Hooray for overlapping coursework! We read this as an assignment in my world music class.
Stone: Theory for Ethnomusicology pp. 12-16 and 18-22
Stone goes over the ideas of method, participant-observation, technique, assumptions, hypotheses/research questions, and study object. This is particularly useful, as she is approaching the ethnographic terms from a specifically ethnomusicological standpoint.
Some of the take-aways include rethinking my approach to my hypothesis (I think I should change it into a research question - I really don't know what I will find in Bylakuppe, so it might be more useful to acknowledge that ambiguity), reinforcing my plan to learn music as my central research method (really, the more I think about it, the "research" is a bunch of dookie - I honestly just want to learn music and Buddhist philosophy and have fun with it. The research part is to fulfill the rather inane requirements of the program, so I picked an area that I am interested in but would rather not worry about - maybe a drastic, last-minute reworking of the project is in order? Hmm... I've heard that I can just do that in the field, so I'll go with it for now), and refining and broadening my study object (I'm rethinking what I mean by 'youth,' and maybe the truth is that I do want to look just at 18-24 year olds, and anybody younger or older will just be incidental to the core of the project).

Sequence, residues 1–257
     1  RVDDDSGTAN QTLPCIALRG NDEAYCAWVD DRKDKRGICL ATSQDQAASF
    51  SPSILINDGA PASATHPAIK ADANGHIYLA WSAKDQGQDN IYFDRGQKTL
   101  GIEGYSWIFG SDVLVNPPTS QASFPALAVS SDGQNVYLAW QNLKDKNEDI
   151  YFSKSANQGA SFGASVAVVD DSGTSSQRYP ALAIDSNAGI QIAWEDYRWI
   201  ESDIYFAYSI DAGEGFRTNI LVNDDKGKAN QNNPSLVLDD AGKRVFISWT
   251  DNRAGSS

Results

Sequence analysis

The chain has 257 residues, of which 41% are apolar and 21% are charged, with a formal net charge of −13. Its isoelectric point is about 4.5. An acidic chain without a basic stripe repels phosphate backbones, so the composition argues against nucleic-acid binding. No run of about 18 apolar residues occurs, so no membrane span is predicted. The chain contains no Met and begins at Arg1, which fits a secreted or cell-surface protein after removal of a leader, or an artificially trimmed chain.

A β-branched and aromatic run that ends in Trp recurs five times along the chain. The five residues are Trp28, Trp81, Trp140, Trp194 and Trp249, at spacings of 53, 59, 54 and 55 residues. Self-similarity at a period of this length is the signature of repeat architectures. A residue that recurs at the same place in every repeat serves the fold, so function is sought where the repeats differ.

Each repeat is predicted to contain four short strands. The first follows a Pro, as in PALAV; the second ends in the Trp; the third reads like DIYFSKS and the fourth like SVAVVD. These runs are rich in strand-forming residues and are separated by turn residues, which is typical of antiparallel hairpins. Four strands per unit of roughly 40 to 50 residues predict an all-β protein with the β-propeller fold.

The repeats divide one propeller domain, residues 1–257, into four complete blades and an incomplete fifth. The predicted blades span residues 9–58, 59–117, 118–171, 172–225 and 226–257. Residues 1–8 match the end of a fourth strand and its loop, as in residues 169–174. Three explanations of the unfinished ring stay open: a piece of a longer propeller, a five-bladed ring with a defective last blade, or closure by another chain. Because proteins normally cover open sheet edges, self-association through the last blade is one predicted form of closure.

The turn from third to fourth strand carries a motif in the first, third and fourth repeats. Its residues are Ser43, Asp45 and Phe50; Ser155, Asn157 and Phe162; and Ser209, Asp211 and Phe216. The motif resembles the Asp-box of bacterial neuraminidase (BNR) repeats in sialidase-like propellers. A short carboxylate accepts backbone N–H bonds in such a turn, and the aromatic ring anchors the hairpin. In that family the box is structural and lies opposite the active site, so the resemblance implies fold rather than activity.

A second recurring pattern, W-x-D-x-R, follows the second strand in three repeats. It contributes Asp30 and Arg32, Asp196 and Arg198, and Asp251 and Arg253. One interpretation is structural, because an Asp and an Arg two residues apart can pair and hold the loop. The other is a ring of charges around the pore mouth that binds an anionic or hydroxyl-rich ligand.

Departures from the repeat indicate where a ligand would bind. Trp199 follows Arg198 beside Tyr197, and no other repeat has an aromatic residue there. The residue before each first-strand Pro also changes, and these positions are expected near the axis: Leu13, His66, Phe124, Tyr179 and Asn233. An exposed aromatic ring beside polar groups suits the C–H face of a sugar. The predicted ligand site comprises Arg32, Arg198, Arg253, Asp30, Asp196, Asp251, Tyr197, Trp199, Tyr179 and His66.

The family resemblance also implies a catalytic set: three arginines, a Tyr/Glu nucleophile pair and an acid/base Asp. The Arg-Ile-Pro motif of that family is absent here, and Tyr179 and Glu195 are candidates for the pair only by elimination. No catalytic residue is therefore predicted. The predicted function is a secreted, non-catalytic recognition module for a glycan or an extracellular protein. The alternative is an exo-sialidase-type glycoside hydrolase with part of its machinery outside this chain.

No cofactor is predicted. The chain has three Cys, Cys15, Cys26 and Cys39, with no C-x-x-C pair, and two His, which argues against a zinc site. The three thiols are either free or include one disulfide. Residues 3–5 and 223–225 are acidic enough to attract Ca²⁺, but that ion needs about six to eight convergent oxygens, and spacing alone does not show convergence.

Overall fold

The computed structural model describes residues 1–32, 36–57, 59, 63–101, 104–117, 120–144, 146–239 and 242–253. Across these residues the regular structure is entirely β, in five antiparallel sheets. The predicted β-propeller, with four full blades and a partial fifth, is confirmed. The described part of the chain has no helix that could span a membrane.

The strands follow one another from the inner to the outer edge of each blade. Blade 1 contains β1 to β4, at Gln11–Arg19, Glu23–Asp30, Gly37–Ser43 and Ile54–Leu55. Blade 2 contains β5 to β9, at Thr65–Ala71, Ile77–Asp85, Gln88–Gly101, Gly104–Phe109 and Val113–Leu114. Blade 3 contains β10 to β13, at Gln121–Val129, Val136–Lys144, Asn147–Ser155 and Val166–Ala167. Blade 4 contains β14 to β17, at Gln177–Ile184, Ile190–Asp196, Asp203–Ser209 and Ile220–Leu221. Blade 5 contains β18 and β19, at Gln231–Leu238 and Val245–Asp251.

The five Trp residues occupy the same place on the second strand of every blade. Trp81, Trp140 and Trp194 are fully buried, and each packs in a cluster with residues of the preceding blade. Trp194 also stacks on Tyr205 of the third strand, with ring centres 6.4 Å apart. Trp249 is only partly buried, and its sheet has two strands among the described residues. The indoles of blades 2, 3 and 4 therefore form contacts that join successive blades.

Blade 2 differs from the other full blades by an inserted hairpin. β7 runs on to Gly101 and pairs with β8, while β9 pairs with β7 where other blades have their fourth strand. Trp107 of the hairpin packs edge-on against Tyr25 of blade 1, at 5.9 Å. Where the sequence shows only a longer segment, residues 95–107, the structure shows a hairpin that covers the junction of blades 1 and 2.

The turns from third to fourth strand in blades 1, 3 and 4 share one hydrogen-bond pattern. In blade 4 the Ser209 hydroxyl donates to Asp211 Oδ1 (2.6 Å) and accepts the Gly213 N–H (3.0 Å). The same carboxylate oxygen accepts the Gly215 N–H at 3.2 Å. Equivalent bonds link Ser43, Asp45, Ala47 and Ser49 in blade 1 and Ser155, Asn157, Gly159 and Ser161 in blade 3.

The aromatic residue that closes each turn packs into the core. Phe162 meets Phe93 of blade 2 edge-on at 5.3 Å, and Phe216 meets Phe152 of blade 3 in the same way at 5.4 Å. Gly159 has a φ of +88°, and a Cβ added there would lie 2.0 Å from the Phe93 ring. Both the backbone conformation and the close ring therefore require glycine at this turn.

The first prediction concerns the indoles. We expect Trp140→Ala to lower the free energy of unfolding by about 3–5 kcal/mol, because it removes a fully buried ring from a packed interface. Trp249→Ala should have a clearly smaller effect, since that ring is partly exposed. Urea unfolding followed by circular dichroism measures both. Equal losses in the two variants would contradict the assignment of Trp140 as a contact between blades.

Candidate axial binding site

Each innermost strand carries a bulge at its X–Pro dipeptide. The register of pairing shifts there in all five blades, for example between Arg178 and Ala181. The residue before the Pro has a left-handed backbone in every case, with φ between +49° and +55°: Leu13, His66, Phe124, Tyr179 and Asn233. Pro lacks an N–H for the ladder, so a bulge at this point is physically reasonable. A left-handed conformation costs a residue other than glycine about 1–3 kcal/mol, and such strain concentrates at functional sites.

Anywho, it was good to know that I'm not alone. Thanks, Sister Stone.